If you reach a finger into the plane, they will perceive only the cross-section of your finger. Put all five fingers in, and they’ll perceive five roughly circular shapes. Push further and your hand goes in, they perceive the five separate shapes somehow fusing into one! Push further and your arm starts to go in, and if your arm is like mine, they’ll start perceiving that the circle of your arm is surrounded by weird dots that appear, at random and then merge into the body of the circle, or vice versa. That would be the arm hairs.

    Of course, you can perceive the entire interior of the shape-creatures in this plane. You can EVEN REACH INSIDE THEM and poke their internal organs, something that their two-dimensional brains would have trouble conceiving. They can’t hide behind barriers, because you can just reach inside those as well! You are a monster who can ignore walls!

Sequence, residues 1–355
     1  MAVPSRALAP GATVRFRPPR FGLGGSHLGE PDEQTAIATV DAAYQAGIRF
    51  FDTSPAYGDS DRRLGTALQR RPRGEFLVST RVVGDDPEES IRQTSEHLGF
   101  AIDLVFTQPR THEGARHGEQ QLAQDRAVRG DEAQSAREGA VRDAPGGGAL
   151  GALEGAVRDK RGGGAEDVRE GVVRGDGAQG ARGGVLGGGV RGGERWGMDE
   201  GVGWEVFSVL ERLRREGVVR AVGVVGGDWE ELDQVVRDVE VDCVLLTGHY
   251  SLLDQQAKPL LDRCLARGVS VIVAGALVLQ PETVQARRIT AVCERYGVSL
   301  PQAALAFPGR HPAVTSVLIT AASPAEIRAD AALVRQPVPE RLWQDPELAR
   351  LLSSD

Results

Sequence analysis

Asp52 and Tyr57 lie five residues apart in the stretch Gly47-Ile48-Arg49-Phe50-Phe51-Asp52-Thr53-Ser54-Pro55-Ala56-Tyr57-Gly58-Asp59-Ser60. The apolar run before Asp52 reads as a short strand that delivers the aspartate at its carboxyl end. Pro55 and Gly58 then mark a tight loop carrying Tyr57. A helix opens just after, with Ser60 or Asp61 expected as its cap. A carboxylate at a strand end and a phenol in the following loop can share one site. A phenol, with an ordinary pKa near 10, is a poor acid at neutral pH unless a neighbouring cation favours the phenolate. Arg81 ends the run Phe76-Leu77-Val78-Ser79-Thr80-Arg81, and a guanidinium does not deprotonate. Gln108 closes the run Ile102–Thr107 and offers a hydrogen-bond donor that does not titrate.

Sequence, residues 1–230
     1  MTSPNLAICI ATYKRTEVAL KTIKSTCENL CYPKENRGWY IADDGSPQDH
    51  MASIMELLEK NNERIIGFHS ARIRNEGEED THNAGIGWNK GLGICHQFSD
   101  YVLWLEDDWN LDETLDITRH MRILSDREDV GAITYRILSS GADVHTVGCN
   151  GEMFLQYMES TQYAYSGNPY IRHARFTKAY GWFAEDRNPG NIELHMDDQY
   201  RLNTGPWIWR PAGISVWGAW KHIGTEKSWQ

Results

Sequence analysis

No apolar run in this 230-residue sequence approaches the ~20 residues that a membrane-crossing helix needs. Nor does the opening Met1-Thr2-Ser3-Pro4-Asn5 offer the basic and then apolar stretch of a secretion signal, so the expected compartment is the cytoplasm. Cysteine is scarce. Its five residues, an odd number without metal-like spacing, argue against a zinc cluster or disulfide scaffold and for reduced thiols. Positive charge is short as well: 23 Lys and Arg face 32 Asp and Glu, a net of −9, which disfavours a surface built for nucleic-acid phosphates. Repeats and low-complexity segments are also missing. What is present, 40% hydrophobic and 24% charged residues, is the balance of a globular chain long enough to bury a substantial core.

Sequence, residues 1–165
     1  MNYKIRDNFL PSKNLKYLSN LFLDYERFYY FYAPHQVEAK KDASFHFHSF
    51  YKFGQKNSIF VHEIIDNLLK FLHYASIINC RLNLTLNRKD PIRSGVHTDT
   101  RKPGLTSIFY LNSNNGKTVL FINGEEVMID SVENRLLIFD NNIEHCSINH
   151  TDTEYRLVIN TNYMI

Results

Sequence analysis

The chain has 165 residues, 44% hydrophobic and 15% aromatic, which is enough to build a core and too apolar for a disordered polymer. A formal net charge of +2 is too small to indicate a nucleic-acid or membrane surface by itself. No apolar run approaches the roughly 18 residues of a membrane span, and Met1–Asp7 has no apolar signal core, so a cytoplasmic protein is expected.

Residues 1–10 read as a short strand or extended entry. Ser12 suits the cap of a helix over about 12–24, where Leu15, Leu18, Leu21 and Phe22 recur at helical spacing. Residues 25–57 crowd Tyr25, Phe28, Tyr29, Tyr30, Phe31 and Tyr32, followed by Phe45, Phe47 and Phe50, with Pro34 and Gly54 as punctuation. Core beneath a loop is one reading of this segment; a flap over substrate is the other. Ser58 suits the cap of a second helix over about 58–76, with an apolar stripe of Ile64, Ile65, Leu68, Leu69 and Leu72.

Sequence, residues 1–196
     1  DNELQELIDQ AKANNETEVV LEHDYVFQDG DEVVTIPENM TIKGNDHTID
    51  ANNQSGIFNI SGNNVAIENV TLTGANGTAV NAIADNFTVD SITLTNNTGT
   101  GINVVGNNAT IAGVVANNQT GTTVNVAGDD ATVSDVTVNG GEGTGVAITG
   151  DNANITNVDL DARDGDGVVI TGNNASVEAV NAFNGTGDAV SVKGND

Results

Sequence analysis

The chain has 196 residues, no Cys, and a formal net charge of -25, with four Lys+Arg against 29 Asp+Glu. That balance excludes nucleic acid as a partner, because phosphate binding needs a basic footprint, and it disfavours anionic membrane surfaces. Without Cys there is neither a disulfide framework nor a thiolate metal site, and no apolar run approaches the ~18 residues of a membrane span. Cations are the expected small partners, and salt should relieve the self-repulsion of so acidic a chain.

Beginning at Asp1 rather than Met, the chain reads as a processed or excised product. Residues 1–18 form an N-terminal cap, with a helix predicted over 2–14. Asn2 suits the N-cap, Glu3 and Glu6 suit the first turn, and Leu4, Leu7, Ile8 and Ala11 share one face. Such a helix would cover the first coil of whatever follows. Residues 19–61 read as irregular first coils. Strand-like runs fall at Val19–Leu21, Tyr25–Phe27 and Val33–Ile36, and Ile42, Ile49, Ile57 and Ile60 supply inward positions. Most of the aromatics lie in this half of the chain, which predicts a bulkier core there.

A being with four spatial dimensions would be a lot like that compared to you and me. He wouldn’t “fall” through the earth, but he’d presumably be standing on some existing four-dimensional construct we can’t perceive, or can perceive only a part of. He would be capable of ignoring the surface of the earth, but that wouldn’t constitute falling. (Presuming that the Earth is a three dimensional world. It could be a limited perception of a four-dimensional thing itself, of course.)

  11. johnhodges says

    The original novel points out many practical difficulties that an invisible man would face. Walking significant distances in bare feet over less-than-ideal ground, carrying anything (keys, money, weapons), eating in public places (have to remove face covering to eat), mud or dirt adhering to skin, dogs alerting to the sound or scent of your passage, wet weather, cold weather, catching the common cold so you sneeze at awkward times… We politely ignore blindness and basic impossibility for the sake of the story.

  12. brucegee1962 says

    The novel Memoirs of an Invisible Man probably goes the farthest in exploring all the implications. That guy spends most of the book on the run from Sinister Government Agents who want to experiment on him or something.